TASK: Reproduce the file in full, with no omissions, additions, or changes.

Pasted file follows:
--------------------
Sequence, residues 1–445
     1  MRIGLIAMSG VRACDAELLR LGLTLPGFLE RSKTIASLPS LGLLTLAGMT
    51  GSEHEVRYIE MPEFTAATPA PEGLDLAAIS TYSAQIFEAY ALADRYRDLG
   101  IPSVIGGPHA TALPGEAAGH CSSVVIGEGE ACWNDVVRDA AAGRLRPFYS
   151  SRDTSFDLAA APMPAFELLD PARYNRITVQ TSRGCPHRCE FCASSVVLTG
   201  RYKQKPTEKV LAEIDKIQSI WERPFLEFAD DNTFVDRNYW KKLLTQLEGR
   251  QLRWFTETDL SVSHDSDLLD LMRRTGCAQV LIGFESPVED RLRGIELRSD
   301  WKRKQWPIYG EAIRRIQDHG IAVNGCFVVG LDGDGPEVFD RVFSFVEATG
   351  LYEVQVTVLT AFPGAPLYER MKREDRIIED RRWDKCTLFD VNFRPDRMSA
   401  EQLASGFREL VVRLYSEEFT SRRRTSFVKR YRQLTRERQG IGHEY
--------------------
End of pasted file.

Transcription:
Sequence, residues 1–445
     1  MRIGLIAMSG VRACDAELLR LGLTLPGFLE RSKTIASLPS LGLLTLAGMT
    51  GSEHEVRYIE MPEFTAATPA PEGLDLAAIS TYSAQIFEAY ALADRYRDLG
   101  IPSVIGGPHA TALPGEAAGH CSSVVIGEGE ACWNDVVRDA AAGRLRPFYS
   151  SRDTSFDLAA APMPAFELLD PARYNRITVQ TSRGCPHRCE FCASSVVLTG
   201  RYKQKPTEKV LAEIDKIQSI WERPFLEFAD DNTFVDRNYW KKLLTQLEGR
   251  QLRWFTETDL SVSHDSDLLD LMRRTGCAQV LIGFESPVED RLRGIELRSD
   301  WKRKQWPIYG EAIRRIQDHG IAVNGCFVVG LDGDGPEVFD RVFSFVEATG
   351  LYEVQVTVLT AFPGAPLYER MKREDRIIED RRWDKCTLFD VNFRPDRMSA
   401  EQLASGFREL VVRLYSEEFT SRRRTSFVKR YRQLTRERQG IGHEY